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This paper presents a study assessing the possible application of seven clay substrates of various particle compositions and plasticity, sampled locally in rural regions, as materials allowing affordable construction of the waste landfill liners, which meet the main principles of sustainability, utilize locally available materials and limit the environmental threats posed by landfill leachate to water, public health and arable land. The researched substrates were tested according to their long-term sealing properties by their saturated hydraulic conductivity after compaction, swelling and shrinkage characteristics and ability to sustain their sealing capability after repeated drying and rewetting. The basic characteristics of soils were determined by the standard methods. Saturated hydraulic conductivity after compaction and after repeated shrinking and swelling were tested in laboratory falling head permeameters. Shrinkage characteristics were based on dimensionless indicators of the geometry and linear extensibility. The obtained results showed that the tested clay substrates were found applicable to construction of compacted clay liner for sustainable waste landfill. The environmental sustainability of a local, rural waste landfill, isolated by compacted earthen liners utilizing local materials is, in our opinion possible, but strongly related to the compaction parameters applied during liner construction for the given clay substrate.
Conference Paper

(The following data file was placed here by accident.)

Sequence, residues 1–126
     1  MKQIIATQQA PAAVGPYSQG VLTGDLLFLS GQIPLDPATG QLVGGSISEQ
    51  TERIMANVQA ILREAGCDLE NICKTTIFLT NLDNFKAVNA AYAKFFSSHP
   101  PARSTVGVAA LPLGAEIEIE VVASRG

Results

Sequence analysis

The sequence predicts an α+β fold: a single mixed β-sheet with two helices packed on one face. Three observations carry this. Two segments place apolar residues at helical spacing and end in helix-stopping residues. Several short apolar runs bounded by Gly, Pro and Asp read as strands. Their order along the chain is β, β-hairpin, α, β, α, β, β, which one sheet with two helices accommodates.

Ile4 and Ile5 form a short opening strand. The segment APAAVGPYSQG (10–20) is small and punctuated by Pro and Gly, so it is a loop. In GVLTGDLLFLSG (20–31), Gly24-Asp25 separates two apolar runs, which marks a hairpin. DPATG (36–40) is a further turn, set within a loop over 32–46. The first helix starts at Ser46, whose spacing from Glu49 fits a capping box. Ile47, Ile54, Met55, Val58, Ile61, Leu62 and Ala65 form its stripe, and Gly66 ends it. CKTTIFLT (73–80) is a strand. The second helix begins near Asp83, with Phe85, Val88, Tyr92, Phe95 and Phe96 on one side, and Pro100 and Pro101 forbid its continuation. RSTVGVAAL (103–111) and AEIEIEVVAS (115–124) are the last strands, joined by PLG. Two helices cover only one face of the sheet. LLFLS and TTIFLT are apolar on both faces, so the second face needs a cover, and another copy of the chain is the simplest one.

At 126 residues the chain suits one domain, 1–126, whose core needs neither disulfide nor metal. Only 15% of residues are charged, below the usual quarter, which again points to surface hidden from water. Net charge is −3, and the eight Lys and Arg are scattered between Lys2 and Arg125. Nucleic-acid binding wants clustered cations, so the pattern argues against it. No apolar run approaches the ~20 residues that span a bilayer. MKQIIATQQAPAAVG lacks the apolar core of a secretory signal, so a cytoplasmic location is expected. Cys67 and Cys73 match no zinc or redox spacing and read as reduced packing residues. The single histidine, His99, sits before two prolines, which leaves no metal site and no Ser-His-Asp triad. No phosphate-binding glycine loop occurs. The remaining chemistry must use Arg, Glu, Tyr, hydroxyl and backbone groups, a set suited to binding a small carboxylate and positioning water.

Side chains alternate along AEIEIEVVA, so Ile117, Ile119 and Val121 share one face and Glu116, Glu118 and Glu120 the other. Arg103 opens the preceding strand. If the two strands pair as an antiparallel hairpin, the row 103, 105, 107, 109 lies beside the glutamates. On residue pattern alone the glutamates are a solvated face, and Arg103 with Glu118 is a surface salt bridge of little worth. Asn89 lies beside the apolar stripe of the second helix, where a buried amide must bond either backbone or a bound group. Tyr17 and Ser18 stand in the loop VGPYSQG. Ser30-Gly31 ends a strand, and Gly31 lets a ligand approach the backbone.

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The present paper aims at investigating the effect of water salinity on engineering properties of fine-grain soil. Saline water used in this study was obtained from half saline water of Ajichay River (with TDS more than 1877 ppm) and saline branch of Korchay (with TDS more than 97000 ppm) located in Northwestern of Iran. Fine-grain soil studied is from Korchay dam core. Due to the high hardness of water in this river, the feasibility of using saline water as the water required in clay core of the dam process has been studied in this research. The experiments were performed including Atterberg limits, standard compaction, consolidation, direct shear and dispersion. These tests were performed by using distilled water, half saline water and saline water on reservoir materials. Due to low percentage of clay minerals in the soil, the changes in engineering soil properties as salinity increases are negligible. However, the use of saline water reduces Atterberg limits, compression index (Cc), swell index (Cs(, coefficient of compressibility (av), coefficient of volume compressibility (mv) and causes slight increase in soil shear strength parameters. Despite the high percentage of sodium in half saline and saline water, dispersion degree of soil is ND2 in pinhole test